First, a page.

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Poll: Partisan Divide Over Climate Change Grows Wider

Politics
Poll: Partisan Divide Over Climate Change Grows Wider

A new Gallup poll offers some hope in the face of unrelenting climate change. Overall, 45 percent of those surveyed said global warming will pose a serious threat in their lifetime—the highest percentage recorded since the question was first asked in 1997.

As a whole, Americans' concerns about climate change "are not much different from the record-high levels they were at a year ago," Gallup said.


But here's the bad news. The issue has become more politically polarized than ever, and it's likely because of Donald Trump.

After a year of President Trump—who thinks global warming is a "hoax," dropped climate change from a list of top national security threats, and made it known that America is at odds with the rest of the world by withdrawing from the 2015 Paris agreement—Republicans have become more skeptical than ever about climate change, the Gallup poll suggests.

Only a third of Republicans said they worry about climate change or even acknowledge that it has already begun. Seven in 10 Republicans think the seriousness of global warming is exaggerated in the news. The percentage of Republicans who affirm the scientific consensus of global warming is down 11 percentage points since last year.

Independents have also become less convinced about climate change and its impacts. Independents who believe global warming is caused by human activities dropped to 62 percent from 70 percent the year before.

Still, there's a silver lining. Democrats are more unnerved about the issue than ever because of Trump.

Earlier surveys have already shown that the majority of Dems are concerned about climate change and believe it is caused by human activities. This year's poll found that 82 percent of Democrats agree that the effects of climate change have already begun, up from 73 percent a year earlier.

"With Trump reversing many of his predecessors' policies aimed at curbing global warming, Democrats are feeling a greater sense of urgency about the issue," Gallup said.

Of course, the devastating effects of climate change are already being felt—and the U.S. government knows it. 2017, one of the hottest years in modern history, was also an extremely costly year. According to a report from the National Centers for Environmental Information, a division of the National Oceanic and Atmospheric Administration (NOAA), "the U.S. experienced 16 weather and climate disasters with losses exceeding $1 billion, with total costs of approximately $306 billion—a new U.S. annual record."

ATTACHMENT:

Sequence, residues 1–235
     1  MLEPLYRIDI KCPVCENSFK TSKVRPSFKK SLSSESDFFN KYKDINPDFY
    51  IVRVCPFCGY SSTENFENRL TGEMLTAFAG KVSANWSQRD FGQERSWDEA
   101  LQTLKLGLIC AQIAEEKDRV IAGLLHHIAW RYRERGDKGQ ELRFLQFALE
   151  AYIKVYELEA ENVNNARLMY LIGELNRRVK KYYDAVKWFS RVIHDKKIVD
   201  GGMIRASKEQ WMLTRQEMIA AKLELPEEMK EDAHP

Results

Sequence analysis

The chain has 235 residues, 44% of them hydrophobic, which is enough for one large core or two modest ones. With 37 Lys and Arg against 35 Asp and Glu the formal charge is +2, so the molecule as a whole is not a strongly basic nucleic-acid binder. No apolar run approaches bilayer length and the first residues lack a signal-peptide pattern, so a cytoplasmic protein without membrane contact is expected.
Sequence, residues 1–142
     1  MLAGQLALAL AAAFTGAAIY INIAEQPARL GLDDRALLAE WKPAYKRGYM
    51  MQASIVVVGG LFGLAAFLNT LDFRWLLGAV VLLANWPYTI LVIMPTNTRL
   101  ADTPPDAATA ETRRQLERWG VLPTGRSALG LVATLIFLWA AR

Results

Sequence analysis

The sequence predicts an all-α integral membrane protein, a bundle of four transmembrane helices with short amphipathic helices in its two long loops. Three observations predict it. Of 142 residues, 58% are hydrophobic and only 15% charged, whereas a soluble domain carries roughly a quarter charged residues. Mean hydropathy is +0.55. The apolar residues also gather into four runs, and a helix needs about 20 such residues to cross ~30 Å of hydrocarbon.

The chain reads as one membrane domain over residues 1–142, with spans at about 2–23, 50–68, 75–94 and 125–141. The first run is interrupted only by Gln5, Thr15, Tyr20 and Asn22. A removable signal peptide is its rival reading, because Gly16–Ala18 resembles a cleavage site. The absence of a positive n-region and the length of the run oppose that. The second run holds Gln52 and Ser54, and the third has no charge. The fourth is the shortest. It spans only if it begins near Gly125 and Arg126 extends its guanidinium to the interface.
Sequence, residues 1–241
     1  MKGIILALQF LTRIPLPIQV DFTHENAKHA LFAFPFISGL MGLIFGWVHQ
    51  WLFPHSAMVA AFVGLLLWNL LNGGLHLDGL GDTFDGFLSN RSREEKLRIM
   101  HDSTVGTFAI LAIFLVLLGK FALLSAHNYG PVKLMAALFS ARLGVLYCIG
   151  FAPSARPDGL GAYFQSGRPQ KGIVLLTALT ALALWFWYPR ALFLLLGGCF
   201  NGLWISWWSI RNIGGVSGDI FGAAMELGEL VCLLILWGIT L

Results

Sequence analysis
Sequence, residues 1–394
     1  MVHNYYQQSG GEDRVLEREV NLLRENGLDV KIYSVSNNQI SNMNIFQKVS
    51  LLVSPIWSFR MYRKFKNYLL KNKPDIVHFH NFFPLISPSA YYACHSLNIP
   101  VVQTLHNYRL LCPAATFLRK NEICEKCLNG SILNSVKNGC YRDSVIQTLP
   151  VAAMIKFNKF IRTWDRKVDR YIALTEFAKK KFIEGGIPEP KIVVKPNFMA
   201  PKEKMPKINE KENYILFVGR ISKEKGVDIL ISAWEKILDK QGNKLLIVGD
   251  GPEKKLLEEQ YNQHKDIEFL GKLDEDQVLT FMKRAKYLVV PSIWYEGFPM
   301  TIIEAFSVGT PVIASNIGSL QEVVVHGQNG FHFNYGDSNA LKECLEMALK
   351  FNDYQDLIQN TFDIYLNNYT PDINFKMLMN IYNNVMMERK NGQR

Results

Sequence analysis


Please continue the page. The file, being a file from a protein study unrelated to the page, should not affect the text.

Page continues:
Trump and his climate-denying cabinet members are ignoring the vast scientific consensus of human-caused climate change.

Peter Gleick, the president-emeritus of the Pacific Institute and a member of the U.S. National Academy of Science tweeted Wednesday, "If you deny the reality of human-caused climate change, you are making a political statement that is scientifically wrong. Don't pretend the problem is the science. The problem is you're afraid if you admit the science you won't like the policies we have to pursue."

The Gallup survey was based on interviews with 1,041 adults, aged 18 and older, living in all 50 U.S. states and the District of Columbia from March 1-8. The margin of sampling error is ±4 percentage points at the 95 percent confidence level.

Colette Pichon Battle, attorney, founder, and executive director of the Gulf Coast Center for Law & Policy. Colette Pichon Battle

By Karen L. Smith-Janssen

Colette Pichon Battle gave a December 2019 TEDWomen Talk on the stark realities of climate change displacement, and people took notice. The video racked up a million views in about two weeks. The attorney, founder, and executive director of the Gulf Coast Center for Law & Policy (GCCLP) advocates for climate justice in communities of color. Confronted with evidence showing how her own South Louisiana coastal home of Bayou Liberty will be lost to flooding in coming years, the 2019 Obama Fellow dedicates herself to helping others still reeling from the impacts of Katrina face the heavy toll that climate change has taken—and will take—on their lives and homelands. Her work focuses on strengthening multiracial coalitions, advocating for federal, state, and local disaster mitigation measures, and redirecting resources toward Black communities across the Gulf South.

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